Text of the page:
A new study from the journal Health Affairs finds that healthy eating can be an expensive proposition. For example, adding potassium to the diet can tack on $380 per year to the average consumer’s food costs, the study found. It is the wealthiest consumers that are able to most closely meet the guidelines. Consumers who spend the least amount have the highest intake of saturated fats and added sugar.
Many people know that high sodium intake may lead to hypertension. Approximately 10% of people with high blood pressure are sensitive to dietary salt (or sodium). A reduction in sodium helps lower blood pressure in all people with hypertension.
Newer evidence suggests that dietary potassium may play a role in decreasing blood pressure. Potassium is involved in nerve function, muscle control and blood pressure. A diet low in potassium and high in sodium may be a factor in high blood pressure. Increasing potassium in the diet may protect against hypertension in people who are sensitive to high levels of sodium.
For people who have hypertension, following an overall eating plan called DASH (Dietary Approaches to Stop Hypertension) may be useful for lowering blood pressure. The DASH diet is higher in potassium, magnesium, and calcium and lower in total fat, saturated fat, and sodium than the typical American diet.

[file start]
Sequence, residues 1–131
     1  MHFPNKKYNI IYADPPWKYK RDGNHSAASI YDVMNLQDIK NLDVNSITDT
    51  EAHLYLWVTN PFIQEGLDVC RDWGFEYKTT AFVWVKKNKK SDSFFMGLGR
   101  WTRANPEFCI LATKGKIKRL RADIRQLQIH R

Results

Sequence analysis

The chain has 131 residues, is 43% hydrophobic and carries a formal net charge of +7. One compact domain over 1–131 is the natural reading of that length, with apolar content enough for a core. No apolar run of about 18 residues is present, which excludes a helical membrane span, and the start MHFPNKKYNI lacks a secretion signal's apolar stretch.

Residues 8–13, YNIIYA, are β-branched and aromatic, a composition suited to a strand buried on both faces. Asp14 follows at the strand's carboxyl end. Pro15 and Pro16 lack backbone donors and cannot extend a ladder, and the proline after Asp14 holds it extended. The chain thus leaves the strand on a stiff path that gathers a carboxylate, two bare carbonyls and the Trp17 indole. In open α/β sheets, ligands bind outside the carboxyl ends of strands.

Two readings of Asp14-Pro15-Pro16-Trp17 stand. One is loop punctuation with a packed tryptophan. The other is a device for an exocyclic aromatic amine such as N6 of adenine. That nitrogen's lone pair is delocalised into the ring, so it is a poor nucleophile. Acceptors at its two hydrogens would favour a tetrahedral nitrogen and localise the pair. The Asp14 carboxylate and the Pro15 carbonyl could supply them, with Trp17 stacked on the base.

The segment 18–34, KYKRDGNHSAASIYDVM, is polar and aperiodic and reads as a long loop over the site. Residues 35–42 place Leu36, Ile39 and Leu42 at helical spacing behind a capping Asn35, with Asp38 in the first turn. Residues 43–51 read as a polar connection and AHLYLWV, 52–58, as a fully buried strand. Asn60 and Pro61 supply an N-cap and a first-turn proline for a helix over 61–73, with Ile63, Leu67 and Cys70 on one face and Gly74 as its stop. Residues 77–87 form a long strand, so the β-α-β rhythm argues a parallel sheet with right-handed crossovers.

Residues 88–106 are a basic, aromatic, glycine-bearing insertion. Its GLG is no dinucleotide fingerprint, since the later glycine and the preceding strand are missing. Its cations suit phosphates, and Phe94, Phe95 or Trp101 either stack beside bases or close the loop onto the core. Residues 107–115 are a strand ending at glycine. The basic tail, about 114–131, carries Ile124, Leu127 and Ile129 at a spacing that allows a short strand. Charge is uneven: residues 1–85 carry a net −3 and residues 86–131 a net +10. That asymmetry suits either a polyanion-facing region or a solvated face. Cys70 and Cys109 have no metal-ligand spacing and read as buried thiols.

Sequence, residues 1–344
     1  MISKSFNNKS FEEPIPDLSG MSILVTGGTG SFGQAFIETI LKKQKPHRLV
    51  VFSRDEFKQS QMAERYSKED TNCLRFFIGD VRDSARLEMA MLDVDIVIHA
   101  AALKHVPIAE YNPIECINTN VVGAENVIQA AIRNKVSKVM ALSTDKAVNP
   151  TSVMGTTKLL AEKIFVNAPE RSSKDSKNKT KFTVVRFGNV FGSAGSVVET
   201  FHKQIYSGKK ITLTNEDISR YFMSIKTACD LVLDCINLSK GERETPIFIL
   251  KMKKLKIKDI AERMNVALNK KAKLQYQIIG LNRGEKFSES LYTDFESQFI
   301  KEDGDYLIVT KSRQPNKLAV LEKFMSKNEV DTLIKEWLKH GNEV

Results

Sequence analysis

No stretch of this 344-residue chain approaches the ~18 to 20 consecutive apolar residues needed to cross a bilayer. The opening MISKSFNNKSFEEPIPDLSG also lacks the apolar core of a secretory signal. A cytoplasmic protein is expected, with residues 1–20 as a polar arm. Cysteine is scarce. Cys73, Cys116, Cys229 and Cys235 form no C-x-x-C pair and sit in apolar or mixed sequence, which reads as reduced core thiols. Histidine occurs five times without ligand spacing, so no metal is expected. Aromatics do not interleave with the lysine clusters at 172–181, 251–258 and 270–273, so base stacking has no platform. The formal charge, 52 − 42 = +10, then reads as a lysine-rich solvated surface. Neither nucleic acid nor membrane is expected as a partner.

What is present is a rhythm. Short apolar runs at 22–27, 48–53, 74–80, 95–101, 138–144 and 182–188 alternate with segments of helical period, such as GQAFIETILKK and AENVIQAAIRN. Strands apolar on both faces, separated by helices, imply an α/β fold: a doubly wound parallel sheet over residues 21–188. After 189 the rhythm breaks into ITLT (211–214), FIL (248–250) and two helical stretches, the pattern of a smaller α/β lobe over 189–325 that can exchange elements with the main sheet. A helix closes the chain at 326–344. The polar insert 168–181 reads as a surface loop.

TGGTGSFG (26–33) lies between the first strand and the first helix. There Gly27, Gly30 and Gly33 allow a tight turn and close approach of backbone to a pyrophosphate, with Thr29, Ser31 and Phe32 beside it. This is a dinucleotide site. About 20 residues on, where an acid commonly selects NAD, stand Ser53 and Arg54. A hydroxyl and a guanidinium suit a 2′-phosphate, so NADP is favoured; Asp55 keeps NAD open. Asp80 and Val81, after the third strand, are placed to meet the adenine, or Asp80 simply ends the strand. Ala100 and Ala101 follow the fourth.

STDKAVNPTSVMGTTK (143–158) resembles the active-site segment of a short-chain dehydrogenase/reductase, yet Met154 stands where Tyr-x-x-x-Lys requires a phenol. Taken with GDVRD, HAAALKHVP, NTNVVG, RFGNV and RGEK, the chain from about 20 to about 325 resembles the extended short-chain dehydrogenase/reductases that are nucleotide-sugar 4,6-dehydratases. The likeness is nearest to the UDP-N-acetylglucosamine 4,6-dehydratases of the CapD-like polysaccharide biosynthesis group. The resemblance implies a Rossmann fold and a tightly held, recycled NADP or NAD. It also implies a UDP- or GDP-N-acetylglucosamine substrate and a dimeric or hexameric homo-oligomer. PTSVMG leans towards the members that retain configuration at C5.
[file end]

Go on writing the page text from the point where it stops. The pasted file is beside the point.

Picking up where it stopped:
However, taking potassium supplements is generally not recommended for people with high blood pressure. Instead, a variety of potassium-rich foods should be eaten daily.
Athletes also may need more potassium to replace that lost from muscle during exercise and the smaller amount lost in sweat. Low potassium can cause muscle cramping and cardiovascular irregularities. Eating foods high in potassium can prevent these symptoms. One cup of orange juice, a banana or a potato is sufficient to replace the potassium lost during one to two hours of hard exercise. Sport drinks are poor sources of potassium.
In 2010, the U.S. updated its guidelines for nutrition and called for Americans to incorporate more potassium, dietary fiber, Vitamin D and calcium into their diets. To add more dietary fiber and vitamin D into their diet, persons would have to spend an extra 35 cents a day for each of the two nutrients.
The new food pyramid unveiled by the U.S. Department of Agriculture and First Lady Michelle Obama last month called “MyPlate” asks Americans to eat more fresh foods containing potassium, dietary fiber, vitamin D and calcium.
But there are inexpensive ways to eat healthy. Potatoes are one of the cheapest and best ways to get potassium. There are increasingly more farmer’s markets offering fresh fruits and vegetables in low income neighborhoods where before it would have cost residents to travel for healthy food choices.
Cherries, grapes, onions, and apples are 4 of the best sources of potassium found in foods. If you are keeping an eye on your Recommended Daily Allowance then you will find the potassium content of foods listed here, and my full list, very beneficial.
Also, as you well know, fruit and vegetables can be seasonal or found all year round, therefore, be aware of what time of year foods are harvested and keep a note of them in your diary. That way when you shop you will know which items are high potassium foods.
Written by Sy Kraft